Each year I receive a Christmas card from one of my favorite tax professors, Professor Barcal. Although some of you might think that discussing tax cases and regulations could get a little dull, this was never the case in his class. Tax even infiltrated into his apparel, as he would wear ties that related to tax cases!  In Professor Barcal’s card, along with pictures of his family and a warm holiday greeting, he always includes the phrase “Think Tax.” With the dust settling from the fiscal cliff deal and the start of a new year, it’s a great time to “Think Tax.” Highlighted below are some of the tax changes for 2013.

No “Payroll Tax Holiday”
After a two year (2011-2012) payroll tax cut, the Social Security payroll tax is once again 6.2% (12.4% for self-employed). The impact of this is that taxpayers with wages will pay up to 2% more in payroll taxes compared to last year. For example, an employee with $100,000 in wages will pay $6,200 ($100,000 x 6.20%) in Social Security payroll tax in 2013, which is $2,000 more than the 2012 amount.
Planning:  Wage earners will see a decrease in their take home pay by as much as 2% due to the increase in payroll tax. Adjust your budget accordingly.
Tax Rates
For taxpayers with income under $450,000 for married-joint filers and $400,000 for single filers, ordinary income tax rates remain unchanged from 2012 with a top tax rate of 35%. Likewise, the top rate for long-term capital gains and qualified dividends is still 15%. However, for taxpayers with income above the threshold, the top rate for ordinary income is now 39.6% and the top rate for qualified dividends and long-term capital gains is 20%.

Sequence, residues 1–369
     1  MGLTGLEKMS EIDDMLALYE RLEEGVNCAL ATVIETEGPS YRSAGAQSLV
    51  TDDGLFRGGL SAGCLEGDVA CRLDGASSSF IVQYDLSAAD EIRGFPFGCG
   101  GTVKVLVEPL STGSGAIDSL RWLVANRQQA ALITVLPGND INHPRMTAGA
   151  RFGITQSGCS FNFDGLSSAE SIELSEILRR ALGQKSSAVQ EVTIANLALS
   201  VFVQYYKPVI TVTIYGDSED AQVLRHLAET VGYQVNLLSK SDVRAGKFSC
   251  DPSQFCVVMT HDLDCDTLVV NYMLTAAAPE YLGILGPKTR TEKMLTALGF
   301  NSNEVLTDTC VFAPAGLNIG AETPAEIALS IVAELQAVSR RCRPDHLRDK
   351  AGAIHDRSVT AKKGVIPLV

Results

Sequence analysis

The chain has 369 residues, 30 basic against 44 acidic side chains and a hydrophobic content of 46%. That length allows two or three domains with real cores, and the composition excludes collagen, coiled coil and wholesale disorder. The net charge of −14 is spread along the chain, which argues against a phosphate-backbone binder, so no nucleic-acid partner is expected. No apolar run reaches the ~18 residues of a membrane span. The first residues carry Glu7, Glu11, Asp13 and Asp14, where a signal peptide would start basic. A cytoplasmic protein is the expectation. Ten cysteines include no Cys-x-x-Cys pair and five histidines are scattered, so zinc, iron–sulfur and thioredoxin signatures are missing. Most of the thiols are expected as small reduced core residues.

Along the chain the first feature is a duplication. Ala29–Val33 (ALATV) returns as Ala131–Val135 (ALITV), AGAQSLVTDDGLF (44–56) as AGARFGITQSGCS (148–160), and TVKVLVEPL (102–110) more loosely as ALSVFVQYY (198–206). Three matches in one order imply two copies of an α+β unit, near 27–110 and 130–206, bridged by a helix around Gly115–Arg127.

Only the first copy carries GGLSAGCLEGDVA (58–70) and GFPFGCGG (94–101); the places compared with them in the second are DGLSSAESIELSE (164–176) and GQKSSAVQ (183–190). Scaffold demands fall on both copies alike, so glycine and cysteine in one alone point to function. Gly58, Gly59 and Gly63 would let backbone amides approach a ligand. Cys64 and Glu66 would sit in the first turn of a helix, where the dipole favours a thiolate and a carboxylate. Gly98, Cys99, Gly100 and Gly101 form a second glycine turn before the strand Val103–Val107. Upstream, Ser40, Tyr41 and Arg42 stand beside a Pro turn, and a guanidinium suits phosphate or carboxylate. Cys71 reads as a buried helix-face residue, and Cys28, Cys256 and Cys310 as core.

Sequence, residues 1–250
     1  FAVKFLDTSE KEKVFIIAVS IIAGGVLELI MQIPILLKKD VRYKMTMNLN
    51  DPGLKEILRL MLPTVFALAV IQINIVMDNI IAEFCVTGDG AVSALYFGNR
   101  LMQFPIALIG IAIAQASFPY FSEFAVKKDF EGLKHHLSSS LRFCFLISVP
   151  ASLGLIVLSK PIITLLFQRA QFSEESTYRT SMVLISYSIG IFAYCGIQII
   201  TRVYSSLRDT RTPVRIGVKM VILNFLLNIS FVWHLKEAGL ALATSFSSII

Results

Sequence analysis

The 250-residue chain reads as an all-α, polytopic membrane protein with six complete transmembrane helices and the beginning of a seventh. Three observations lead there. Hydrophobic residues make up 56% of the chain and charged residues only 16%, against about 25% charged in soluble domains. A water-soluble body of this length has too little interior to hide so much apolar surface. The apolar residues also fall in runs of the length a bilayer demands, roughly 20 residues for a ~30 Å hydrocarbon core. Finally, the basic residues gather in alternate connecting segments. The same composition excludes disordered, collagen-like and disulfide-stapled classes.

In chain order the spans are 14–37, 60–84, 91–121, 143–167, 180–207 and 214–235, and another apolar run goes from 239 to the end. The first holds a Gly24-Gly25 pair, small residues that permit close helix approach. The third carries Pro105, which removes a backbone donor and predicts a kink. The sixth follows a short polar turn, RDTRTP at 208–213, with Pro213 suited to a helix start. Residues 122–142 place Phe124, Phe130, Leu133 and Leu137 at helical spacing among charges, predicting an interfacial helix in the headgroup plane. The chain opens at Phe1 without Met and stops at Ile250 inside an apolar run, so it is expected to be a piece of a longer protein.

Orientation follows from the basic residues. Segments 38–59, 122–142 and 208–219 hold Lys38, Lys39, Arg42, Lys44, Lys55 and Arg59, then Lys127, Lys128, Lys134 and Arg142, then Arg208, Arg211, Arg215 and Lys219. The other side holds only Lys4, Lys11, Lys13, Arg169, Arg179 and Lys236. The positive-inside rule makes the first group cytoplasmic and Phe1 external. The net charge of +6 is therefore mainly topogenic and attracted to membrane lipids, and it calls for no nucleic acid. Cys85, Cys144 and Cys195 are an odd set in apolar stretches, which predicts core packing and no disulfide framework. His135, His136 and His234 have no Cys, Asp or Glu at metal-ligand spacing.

Planning:  Tax planning may be able to reduce your tax burden. For instance, if a taxpayer will be in higher tax bracket (or over a threshold) in one year but not the next, accelerating deductions and deferring income could reduce the overall tax liability.
New Health Care Taxes
To further complicate things, two new Medicare taxes take effect in 2013. The income threshold for these new taxes is $250,000 for married-joint filers and $200,000 for single filers (these thresholds are not indexed for inflation). The first tax is on earned income. Thus, wage and self-employment income over the threshold incurs an additional 0.9% Medicare Hospital Insurance tax. The other tax applies to unearned income. In short, there is a surtax of 3.8% on the lesser of: (1) net investment income (e.g. interest, dividends, and net capital gains) and (2) the excess of modified AGI over the threshold.
Planning:  Consider asset location to reduce or eliminate the impact of the 3.8% surtax on unearned income. For example, holding income producing investments in a retirement plan instead of a taxable account would likely reduce net investment income.
Alternative Minimum Tax (AMT)
After years of Congress throwing together last minute AMT “patches,” they have finally provided permanent AMT relief for individuals. For 2012, the AMT exemption amount is $50,600 for single filers and $78,750 for married-joint filers. Going forward, these amounts will be indexed for inflation.
Planning:  For most people, AMT is an elusive tax topic. If you are in AMT or expect to be in AMT, you should look at your tax situation each year to determine appropriate strategies.